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Date of Award


Document Type

Campus Access

Degree Name

Doctor of Philosophy (PhD)

Degree Program

Education; Teacher Education & School Improvement

First Advisor

Linda L. Griffin

Second Advisor

Cynthia Rosenberger

Third Advisor

Daniel S. Gerber

Subject Categories

Educational Psychology | Gifted Education


The purpose of this study was to recognize and validate dual exceptionalities and to give voice to an underachieving gifted adolescent with an Attention Deficit Disorder regarding what has worked and not worked for him in traditional school settings. The importance of this study resonates in the voice of a tenth grade, Caucasian male student; a student for whom learning and intellectual challenge is a driving force, but who has been unable to "achieve" in a traditional school setting. This study is vital in that twice exceptional learners are at great risk of underachieving in traditional school settings. In the context of this study, underachievement was viewed as a phenomenon (Schultz, 2002), not a label. It is a verb, not to be confused with the noun. The term should not be used to describe who someone is (underachiever), but rather what someone does(underachieves).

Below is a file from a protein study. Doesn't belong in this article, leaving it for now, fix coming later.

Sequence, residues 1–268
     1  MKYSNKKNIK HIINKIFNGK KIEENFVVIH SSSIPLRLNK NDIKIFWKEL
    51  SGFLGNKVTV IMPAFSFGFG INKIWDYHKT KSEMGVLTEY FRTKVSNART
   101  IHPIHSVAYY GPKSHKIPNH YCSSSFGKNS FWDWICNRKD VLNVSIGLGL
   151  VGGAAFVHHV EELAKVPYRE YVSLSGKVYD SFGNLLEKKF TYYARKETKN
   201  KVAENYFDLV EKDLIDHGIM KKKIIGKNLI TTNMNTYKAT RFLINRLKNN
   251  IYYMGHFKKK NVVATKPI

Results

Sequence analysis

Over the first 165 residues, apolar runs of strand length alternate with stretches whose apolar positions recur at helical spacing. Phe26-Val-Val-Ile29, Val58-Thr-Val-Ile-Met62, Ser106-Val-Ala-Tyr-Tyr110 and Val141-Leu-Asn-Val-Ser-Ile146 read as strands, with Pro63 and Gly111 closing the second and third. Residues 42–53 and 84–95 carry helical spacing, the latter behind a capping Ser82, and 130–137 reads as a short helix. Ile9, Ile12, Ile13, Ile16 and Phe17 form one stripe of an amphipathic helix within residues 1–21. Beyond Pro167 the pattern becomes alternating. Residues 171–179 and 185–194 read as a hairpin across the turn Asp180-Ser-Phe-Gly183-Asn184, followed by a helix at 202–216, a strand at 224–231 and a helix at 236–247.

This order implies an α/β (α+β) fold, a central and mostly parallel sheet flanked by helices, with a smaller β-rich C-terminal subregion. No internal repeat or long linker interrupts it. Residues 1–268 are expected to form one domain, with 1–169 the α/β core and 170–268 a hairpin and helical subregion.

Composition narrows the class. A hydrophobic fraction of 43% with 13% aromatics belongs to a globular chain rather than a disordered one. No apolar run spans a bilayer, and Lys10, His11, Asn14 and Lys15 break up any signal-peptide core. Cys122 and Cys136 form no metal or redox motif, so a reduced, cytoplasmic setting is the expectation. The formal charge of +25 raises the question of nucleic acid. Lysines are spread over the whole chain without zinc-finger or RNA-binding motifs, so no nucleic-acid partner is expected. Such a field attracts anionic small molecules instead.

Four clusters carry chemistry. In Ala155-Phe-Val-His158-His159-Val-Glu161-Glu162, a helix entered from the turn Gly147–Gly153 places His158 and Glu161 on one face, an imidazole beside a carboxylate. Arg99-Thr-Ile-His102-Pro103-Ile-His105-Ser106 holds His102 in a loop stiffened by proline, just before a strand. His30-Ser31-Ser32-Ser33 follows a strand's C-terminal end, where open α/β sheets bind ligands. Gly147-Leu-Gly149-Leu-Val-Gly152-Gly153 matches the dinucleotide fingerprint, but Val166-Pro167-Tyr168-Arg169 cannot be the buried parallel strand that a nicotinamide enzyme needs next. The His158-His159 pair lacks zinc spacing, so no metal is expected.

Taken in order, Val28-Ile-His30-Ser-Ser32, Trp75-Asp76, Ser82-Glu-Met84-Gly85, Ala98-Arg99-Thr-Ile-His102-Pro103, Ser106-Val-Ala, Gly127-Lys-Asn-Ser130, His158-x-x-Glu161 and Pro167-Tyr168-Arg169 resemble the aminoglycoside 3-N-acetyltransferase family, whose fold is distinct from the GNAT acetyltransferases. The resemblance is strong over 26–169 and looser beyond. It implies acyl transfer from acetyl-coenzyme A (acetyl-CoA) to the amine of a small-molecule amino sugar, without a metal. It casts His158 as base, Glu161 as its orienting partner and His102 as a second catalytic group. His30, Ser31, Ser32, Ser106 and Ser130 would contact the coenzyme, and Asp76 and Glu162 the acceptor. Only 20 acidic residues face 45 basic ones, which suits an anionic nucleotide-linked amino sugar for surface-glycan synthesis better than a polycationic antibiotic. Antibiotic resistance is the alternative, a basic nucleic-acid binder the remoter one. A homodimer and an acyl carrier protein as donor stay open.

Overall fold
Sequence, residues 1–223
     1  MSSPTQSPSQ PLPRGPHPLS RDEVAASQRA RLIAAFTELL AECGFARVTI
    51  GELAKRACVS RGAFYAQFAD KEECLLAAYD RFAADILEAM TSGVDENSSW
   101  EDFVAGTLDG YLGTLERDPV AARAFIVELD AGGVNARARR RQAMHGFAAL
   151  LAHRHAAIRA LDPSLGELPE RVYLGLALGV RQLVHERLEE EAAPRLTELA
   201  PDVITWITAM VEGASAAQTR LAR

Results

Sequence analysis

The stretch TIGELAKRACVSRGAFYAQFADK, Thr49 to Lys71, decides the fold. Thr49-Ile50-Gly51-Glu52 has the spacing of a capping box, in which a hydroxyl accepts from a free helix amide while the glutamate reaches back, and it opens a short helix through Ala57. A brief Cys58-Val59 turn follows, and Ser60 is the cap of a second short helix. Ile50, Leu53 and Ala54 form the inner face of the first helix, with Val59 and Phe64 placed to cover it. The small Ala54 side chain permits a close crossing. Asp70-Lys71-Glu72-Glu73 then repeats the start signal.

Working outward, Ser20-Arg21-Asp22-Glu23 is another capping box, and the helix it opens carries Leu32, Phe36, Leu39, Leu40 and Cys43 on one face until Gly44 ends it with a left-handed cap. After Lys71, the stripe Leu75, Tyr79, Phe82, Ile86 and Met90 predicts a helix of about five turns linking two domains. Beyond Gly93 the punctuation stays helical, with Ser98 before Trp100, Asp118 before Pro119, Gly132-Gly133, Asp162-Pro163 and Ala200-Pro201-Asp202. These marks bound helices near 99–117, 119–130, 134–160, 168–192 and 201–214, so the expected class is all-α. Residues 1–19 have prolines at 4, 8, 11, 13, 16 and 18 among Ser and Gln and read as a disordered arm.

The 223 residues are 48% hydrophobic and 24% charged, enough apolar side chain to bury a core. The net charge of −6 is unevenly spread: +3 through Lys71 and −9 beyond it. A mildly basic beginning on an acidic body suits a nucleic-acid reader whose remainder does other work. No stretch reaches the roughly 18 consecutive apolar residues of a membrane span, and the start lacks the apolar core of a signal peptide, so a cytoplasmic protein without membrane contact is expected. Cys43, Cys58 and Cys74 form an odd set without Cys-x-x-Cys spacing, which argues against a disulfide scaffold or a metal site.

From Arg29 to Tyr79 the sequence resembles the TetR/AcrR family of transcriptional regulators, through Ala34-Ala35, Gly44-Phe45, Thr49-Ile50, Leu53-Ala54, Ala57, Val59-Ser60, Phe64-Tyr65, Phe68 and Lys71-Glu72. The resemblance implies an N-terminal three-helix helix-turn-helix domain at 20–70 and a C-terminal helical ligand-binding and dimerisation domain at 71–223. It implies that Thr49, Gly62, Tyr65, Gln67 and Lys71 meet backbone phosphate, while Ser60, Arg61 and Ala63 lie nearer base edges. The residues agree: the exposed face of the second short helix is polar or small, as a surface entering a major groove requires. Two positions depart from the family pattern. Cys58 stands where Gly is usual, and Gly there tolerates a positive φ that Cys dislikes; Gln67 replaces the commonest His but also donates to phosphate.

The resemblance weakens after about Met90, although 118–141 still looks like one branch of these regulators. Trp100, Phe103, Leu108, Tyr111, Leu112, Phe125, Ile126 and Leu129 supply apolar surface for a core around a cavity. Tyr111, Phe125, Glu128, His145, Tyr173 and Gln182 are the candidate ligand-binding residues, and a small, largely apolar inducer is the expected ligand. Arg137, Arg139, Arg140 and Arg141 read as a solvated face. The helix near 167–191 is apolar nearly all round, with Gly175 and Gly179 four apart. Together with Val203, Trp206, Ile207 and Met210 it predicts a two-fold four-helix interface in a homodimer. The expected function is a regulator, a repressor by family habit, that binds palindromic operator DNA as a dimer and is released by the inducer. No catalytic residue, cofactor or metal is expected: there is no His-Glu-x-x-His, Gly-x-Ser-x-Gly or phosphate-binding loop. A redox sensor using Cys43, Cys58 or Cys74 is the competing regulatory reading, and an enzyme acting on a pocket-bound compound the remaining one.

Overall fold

Data gathered in this study were analyzed using a constant comparative method of data analysis, which was applied to interviews and classroom observations in an effort to identify categories and themes (Strauss & Corbin, 1994). Data collected from the student interview, classroom observations, document analysis, and adult interviews were triangulated in an effort to uncover patterns and practices that have contributed to or helped to ameliorate the phenomenon of underachievement in a gifted student identified with ADD.

Results of this study indicate that schools underachieve their twice exceptional learners (Schultz, 2002) by failing to recognize the asynchronous tension with which these students live; by not creating life-giving relationships with twice exceptional learners that are based on trust and respect; by not implementing classroom practices that are predicated on constructivist learning theory; by denying them access to intellectual peers; and by failing to instill hope.